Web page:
When I compare the two systems, I think the Copper Cricket still has a few advantages. I believe they will find that the CC is more efficient when compared with their SRCC certification which is currently under testing.  I think the CC’s pump rate is faster than Sunnovation’s. In the long term, I think the CC will have a longer life-expectancy if a side-arm heat-exchanger is used. I have anecdotal proof that the CC with a side-arm heat-exchanger can remain in perfect operation for over 20 years with out maintenance.

When we discussed nucleation and boiling, Van Houten described the three types of boiling that they have seen: 1) fizzy boiling, where the fluid is full of bubbles as it is ejected from the lifter. This is what we saw when our early geyser pumps were starting up for the first time. It’s similar to when a pot of water is boiling. At first you see almost a complete coverage of the bottom of the pan with tiny bubbles. This type of boiling doesn’t pump fluid very effectively. 2) continuous slug pumping, where large slugs of hot fluid are ejected from the lifters. This is the optimum. I expect this is boiling that occurs at a few large nucleation sites along the tube a foot or so below the fluid level. A single bubble expands rapidly and drive hot fluid out of the lifter. 3) explosive boiling – we saw this type of boiling when we weren’t using nucleation tubes. When the early prototypes without nucleation ran for a week or so, the risers got really hot over 220F before they would discharge. When they did, they exploded with so much force that it rocked the collector stand. It is why we installed the evil check-valve in the faller (the pipe from the vapor condenser outlet to the footer manifold.) After adding the nucleating risers, we were able to remove the check valve.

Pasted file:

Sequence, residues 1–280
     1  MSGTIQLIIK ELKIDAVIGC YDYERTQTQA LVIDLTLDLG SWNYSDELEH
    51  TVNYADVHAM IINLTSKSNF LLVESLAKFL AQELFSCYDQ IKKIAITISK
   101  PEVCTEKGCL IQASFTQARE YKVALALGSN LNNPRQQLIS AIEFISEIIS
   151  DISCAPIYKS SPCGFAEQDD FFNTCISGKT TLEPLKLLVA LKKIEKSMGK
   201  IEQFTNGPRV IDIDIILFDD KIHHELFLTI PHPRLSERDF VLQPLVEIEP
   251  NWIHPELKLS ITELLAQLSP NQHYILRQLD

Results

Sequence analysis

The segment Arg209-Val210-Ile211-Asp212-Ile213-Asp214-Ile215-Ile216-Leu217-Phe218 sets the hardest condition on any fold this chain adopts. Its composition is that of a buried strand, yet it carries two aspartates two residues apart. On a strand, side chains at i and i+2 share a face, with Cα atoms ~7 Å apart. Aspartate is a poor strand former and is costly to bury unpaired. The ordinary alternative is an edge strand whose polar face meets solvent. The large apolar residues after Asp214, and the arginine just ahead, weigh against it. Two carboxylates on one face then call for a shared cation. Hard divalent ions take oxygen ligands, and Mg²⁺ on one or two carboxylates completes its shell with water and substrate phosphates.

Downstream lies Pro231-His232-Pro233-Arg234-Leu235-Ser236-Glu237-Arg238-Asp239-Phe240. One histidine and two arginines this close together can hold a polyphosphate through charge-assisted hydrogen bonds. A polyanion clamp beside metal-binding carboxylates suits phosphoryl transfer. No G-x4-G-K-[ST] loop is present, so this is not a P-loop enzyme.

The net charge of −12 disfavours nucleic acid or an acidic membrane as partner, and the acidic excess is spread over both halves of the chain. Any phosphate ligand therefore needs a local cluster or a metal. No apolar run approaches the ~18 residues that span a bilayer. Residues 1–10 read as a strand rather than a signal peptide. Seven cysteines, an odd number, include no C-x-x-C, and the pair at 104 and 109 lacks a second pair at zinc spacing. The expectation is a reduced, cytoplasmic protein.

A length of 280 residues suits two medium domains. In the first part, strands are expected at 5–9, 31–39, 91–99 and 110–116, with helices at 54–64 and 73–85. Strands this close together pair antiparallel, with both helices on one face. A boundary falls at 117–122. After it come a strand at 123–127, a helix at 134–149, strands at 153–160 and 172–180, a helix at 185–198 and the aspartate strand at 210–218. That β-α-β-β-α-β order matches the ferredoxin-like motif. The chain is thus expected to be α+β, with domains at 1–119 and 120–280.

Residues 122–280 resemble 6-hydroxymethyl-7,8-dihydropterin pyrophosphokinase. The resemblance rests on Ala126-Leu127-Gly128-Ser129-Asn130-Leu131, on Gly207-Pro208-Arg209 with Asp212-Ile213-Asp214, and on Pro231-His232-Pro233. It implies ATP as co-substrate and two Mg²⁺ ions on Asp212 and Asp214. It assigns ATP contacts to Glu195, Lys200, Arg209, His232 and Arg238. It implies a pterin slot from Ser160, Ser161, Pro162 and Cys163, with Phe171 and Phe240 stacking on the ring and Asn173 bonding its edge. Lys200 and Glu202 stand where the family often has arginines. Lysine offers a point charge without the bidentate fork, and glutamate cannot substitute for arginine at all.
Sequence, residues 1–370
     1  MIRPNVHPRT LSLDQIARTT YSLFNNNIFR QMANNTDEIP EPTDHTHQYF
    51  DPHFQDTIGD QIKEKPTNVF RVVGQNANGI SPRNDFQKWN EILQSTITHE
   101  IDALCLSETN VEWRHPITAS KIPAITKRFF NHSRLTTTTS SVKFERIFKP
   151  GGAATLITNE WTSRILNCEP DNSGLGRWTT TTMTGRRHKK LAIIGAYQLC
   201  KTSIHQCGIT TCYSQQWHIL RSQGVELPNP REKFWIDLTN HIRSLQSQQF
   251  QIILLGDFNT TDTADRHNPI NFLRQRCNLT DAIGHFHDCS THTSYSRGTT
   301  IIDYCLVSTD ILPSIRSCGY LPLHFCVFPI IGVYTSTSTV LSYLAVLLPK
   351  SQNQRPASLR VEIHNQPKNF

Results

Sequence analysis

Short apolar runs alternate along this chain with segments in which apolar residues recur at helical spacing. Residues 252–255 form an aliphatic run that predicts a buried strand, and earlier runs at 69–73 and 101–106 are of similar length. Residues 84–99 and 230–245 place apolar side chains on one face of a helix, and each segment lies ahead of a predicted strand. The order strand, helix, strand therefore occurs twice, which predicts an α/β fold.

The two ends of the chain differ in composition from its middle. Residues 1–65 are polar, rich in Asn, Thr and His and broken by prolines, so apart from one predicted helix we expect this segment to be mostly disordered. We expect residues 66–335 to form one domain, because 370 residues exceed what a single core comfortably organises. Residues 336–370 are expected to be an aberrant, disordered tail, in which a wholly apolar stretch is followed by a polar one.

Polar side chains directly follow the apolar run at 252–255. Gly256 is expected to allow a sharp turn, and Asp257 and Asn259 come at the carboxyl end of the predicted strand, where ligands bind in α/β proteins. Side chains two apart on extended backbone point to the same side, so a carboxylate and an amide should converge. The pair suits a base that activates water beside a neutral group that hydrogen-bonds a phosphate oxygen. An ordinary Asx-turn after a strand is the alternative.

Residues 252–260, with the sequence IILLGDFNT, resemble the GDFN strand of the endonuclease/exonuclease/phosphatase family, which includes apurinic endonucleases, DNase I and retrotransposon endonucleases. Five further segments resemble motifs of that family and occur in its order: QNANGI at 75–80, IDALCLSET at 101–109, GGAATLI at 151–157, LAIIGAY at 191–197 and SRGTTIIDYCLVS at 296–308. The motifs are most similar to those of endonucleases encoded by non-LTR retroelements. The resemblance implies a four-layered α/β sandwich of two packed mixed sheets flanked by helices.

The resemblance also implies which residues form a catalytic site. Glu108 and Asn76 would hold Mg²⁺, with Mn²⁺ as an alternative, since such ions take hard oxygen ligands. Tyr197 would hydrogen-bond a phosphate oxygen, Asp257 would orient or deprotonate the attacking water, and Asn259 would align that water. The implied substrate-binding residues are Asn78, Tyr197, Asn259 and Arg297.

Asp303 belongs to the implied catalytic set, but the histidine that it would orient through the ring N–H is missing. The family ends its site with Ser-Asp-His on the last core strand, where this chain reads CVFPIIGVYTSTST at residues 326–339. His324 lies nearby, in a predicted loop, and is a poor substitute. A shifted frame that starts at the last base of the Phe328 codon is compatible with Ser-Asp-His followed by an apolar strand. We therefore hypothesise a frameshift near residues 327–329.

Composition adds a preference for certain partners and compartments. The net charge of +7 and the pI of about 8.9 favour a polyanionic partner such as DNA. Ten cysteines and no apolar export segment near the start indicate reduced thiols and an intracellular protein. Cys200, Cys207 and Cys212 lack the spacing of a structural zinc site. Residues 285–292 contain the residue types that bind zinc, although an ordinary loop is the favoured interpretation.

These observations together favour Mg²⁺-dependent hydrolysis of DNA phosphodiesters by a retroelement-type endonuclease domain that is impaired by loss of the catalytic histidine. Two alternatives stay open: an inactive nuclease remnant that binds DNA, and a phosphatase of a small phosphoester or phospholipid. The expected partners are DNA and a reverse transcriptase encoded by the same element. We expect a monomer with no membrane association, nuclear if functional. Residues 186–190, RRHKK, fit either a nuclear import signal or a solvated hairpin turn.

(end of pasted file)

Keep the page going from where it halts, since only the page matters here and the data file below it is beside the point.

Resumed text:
I look forward to seeing the Sunnovations SRCC rating. I think the Sunnovations product has potential to service the demand in the single-family dwelling market segment. It should be mandatory that single family dwellings install solar water heaters before they are eligible for publicly funded incentives for photo-voltaic systems. Solar water heaters are 5 times more efficient that PVs,